Thursday, April 26, 2007

"Ode to the Cuban Flag" by Bonifacio Byrne (1898)

(A necessary lesson in patriotism for all who believe that Cuba's freedom can only be obtained with the permission and by the gracious concession of the United States, Bonifacio Byrne's "Ode to the Cuban Flag" was written by the poet when, upon returning to Cuba after the Spanish-American War, he saw from the deck of his ship the Cuban and U.S. flags flying together over Morro Castle, a sight which every Cuban patriot would regard then or now with sadness and indignation).

Upon returning from a distant shore,
Weary of heart and somber,
I searched for my flag anxiously
And saw another flying beside her.

This morning I looked for my flag,
The most beautiful flag in the world;
From the ship's deck, I surveyed the skies
And have never seen anything sadder.

With the faith of an austere soul,
In this conviction I have grown
That two flags should not be flown
When one is enough: my own!

In fields that have been turned to boneyards,
She saw the struggles of the brave,
And she has been the winding-sheet
Of warriors who lie in the grave.

She proudly held her own in battle,
Without puerile or romantic praise:
The Cuban who doesn't believe in her
Should be branded a coward always!

From the depths of the darkest prison,
She heard not a word of woe;
In other lands she was the beacon
That led our footsteps in the snow...

Don't you see her? My flag is the one
That never has mercenary flown,
In whose field there shines a star
All more brightly for being alone!

I've brought her in my soul from exile
Amongst my memories of home,
And I have rendered her homage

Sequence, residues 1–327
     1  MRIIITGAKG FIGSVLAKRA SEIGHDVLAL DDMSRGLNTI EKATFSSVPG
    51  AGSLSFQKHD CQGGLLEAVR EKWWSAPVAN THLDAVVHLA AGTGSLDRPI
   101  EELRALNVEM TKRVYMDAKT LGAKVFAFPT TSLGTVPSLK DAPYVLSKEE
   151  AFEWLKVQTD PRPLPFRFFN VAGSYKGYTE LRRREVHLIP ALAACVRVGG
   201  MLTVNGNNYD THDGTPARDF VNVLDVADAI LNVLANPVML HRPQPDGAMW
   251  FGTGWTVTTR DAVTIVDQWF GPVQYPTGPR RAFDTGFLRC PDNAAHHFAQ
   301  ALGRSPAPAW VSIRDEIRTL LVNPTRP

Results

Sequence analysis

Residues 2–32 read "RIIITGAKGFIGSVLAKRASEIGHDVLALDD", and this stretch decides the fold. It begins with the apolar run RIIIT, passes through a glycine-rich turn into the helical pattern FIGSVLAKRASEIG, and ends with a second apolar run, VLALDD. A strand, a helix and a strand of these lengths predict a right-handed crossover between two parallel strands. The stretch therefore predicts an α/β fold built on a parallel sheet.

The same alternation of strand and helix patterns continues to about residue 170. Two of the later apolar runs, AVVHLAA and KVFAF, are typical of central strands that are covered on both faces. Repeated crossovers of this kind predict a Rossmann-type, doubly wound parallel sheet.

By raising her aloft in my poem.

Though listless now and sadly drooping,
I hope some day the sun's pure light
Will shine on her — on her alone! —
On land and sea and mountain height.

If my flag were torn to pieces
Those who died to make her free
Would raise their arms together
And fight eternally!...

Translated by Manuel A. Tellechea
From Herencia: The Anthology of Hispanic Literature of the United States (Oxford University Press, 2002).


A Thought.... said...

While I appreciate the beauty and the sentiment of such verse, I come from a generation that grew up seeing the Cuban flag flown in Miami alongside the American flag. I never thought it was disrespectful; on the contrary, I was proud that we flew both flags together. How many cars, homes, businesses, etc. do you see in Miami that feature flags from other countries? Would these people return to their countries of origin (after making their money here) and fly the American flag? Of course not! American in general and Miami specifically have become a sort of hotel for the rest of the world: they come, make a mess, take what they want and then depart, leaving those of us who live here to clean up after them. I can understand wanting the Cuban flag (and ONLY the Cuban flag) flown in Cuba, but if you dare state that the only flag that should be flown in the U.S. is the American one, you are labeled a racist, a bigot and worse. Ironic that we allow other countries to fly their flags here, but when we wish to fly ours, we are called rednecks.

Manuel, continue with this outstanding blog! I am thoroughly enjoying the comments and your posts.

Manuel A.Tellechea said...

A Thought:

A large country like the United States can afford to fly many flags over its skies; a small country like Cuba cannot and should not. Put into a historical context, the U.S. flag was flying over Morro Castle because Americans had invaded and occupied our country in the concluding days of our War of Independence when the Cuban Republic-in-Arms was already in control of most of the national territory. That intervention and subsequent occupation was the culmination of 75 years of American foreign policy towards Cuba, first articulated by Thomas Jefferson, who said that all the U.S. would have to do is wait for the Cuban "apple" to ripen and fall into its lap. And the U.S. did wait and waited well while Cubans fought 75 years for their independence, denying the rebels any assistance and indeed enforcing "Neutrality Laws" that were intended to prevent Cubans from gaining control of their country from Spain before the U.S. did. That was the reason for Byrne's indignation at seeing the U.S. flag flying alongside Cuba's over Morro Castle. May God grant that no Cuban ever sees that sight again! There is room enough in the United States to wave all the flags it wants: the only place in a free Cuba where the American flag should ever be flown is over the American embassy.